Past studies have found that the water on the moon is only at the poles of the moon. The United States Space Agency (NASA) recently released the news of its stratospheric infrared astronomical observatory SOFIA, confirming for the first time the presence of water molecules on the surface of the moon illuminated by sunlight.
The astronomy community has discovered the existence of water long ago, but it has always been believed that water molecules only exist in the depths of craters at the poles. Because they are in the shadow of the crater, the water brought by other stars will not escape due to sunlight. However, NASA recently released the discovery of its SOFIA Observatory, confirming the detection of water molecules (H20) in a crater named “Clavius Crater” in the Southern Hemisphere.
According to NASA, it is estimated that the amount of water detected per cubic meter of soil is between 100 and 412 ppm, roughly 350ml of water per cubic meter of soil, said Jacob Bleacher, Chief Exploration Scientist of NASA Human Exploration and Operations Mission “If we can use the resources on the moon, then we can carry less water and more equipment to help make new scientific discoveries.”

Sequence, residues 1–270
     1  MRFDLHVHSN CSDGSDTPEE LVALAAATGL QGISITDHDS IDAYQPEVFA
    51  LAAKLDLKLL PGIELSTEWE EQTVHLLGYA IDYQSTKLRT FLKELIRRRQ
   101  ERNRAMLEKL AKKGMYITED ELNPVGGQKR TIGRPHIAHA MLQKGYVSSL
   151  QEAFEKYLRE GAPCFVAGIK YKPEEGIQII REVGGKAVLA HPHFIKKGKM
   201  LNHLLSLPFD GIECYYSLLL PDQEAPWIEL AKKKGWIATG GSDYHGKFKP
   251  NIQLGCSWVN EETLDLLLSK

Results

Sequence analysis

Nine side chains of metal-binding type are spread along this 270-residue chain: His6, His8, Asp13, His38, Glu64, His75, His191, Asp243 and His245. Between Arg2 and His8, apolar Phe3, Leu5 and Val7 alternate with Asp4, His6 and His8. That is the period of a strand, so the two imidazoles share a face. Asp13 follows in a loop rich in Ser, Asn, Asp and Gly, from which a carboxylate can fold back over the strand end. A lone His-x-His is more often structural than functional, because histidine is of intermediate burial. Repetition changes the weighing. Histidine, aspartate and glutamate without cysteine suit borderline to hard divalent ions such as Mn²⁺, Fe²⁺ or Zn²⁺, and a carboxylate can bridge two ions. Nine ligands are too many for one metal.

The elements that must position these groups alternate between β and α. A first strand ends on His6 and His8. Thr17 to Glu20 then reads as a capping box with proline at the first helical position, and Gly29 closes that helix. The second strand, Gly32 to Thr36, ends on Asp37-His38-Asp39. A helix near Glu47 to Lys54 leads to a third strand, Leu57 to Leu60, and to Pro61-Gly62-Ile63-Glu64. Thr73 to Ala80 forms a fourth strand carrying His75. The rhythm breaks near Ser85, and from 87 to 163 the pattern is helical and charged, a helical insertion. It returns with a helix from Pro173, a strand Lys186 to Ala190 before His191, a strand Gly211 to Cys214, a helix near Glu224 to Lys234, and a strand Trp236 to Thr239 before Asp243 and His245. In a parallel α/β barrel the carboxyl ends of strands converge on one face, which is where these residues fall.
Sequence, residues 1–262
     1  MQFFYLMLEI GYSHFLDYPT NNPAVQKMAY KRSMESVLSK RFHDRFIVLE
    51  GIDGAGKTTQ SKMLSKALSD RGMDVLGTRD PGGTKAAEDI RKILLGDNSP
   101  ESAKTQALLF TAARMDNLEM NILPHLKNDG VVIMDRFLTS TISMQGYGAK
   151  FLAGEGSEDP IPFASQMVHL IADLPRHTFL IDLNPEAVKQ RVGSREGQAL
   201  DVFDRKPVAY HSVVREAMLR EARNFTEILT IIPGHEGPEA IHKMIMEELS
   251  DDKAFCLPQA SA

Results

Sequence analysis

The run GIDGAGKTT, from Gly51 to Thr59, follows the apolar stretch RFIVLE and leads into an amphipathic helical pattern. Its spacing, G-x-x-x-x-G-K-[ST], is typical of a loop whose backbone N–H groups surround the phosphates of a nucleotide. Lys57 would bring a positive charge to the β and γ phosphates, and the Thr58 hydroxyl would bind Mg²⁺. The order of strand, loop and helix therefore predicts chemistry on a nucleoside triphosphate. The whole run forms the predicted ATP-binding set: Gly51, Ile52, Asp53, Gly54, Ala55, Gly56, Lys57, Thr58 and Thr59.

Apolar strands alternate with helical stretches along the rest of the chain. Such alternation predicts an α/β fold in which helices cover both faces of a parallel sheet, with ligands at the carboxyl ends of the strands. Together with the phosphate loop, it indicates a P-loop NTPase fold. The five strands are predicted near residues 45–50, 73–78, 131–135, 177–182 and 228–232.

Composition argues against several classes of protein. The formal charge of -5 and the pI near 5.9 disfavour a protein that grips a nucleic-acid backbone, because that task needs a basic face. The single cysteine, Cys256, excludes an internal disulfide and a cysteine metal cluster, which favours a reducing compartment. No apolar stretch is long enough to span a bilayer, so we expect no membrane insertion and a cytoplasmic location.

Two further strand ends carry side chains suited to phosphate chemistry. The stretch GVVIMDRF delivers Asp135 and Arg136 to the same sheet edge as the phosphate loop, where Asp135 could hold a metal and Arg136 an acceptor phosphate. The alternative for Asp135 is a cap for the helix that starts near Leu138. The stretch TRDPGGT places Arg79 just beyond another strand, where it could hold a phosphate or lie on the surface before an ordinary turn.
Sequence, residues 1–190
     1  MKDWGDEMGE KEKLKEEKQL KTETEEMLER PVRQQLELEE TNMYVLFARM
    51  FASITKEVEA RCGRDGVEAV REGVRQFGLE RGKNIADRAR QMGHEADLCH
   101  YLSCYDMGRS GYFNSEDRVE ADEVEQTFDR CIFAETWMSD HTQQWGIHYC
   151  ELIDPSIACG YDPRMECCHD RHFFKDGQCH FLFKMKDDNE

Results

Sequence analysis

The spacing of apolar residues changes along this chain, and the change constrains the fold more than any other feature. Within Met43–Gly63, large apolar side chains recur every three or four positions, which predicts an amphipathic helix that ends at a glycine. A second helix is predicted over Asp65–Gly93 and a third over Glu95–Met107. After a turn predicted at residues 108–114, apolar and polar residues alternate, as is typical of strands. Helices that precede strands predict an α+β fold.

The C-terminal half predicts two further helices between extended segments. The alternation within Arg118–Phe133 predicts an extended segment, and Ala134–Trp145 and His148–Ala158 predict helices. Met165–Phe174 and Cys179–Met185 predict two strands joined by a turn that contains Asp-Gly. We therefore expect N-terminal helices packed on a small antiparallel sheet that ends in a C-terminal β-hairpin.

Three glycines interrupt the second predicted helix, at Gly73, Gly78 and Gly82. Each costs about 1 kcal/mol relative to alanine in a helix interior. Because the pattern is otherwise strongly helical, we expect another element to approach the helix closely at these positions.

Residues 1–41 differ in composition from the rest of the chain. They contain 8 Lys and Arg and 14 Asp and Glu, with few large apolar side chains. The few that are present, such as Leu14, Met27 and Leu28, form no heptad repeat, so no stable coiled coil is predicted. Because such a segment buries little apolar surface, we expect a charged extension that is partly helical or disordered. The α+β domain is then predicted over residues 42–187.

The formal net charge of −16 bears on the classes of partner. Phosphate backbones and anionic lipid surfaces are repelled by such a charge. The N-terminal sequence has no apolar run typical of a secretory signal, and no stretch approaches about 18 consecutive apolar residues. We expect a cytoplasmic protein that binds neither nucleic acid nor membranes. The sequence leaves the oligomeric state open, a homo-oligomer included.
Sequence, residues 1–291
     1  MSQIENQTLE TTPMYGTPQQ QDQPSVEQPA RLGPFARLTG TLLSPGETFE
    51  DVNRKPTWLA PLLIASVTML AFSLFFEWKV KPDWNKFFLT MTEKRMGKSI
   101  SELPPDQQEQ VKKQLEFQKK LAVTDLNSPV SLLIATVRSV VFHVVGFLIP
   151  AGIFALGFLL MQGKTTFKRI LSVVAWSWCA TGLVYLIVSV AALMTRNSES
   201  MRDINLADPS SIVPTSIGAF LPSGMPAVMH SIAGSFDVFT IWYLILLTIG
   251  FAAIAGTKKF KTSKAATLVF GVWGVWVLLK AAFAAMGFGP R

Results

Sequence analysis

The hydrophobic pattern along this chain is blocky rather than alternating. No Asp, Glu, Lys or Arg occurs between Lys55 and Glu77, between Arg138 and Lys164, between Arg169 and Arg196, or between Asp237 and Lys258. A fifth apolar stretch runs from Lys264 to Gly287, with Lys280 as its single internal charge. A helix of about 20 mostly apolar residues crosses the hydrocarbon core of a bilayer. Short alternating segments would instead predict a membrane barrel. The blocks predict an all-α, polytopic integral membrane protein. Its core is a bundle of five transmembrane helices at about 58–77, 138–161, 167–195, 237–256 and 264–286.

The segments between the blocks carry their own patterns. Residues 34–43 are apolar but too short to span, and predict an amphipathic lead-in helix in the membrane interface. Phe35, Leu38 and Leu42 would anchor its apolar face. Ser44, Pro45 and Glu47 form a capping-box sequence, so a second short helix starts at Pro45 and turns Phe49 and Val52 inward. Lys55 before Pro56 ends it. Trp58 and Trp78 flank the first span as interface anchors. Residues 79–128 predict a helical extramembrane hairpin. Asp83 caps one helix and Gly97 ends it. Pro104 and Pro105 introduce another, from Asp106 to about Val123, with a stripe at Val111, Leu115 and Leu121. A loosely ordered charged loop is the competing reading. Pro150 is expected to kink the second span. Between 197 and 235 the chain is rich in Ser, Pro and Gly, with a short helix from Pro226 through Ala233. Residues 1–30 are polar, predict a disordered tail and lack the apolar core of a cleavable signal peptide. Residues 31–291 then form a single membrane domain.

Although the water content detected by SOFIA on the moon is 100 times less than that in the Sahara Desert, it also raises a series of questions, such as how the water on the moon is produced, and how it is in the harsh, airless, and highest Exist in an environment with a sun exposure surface with a temperature of 260 degrees Fahrenheit (127 degrees Celsius).
Scientists speculate that one possibility is that micrometeorites carrying a small amount of water fall on the surface of the moon like raindrops, depositing water on the surface of the moon during impact. Some SOFIA project scientists said they plan to make more observations. According to NASA, SOFIA will look for water in other sunlit locations and moon phases to learn more about the process of water manufacturing, storage and transportation. These data will be added to future lunar missions, such as NASA’s Volatiles Investigating Polar Exploration Rover (NASA’s Volatiles Investigating Polar Exploration Rover) to create the first lunar water resources map for future human space exploration.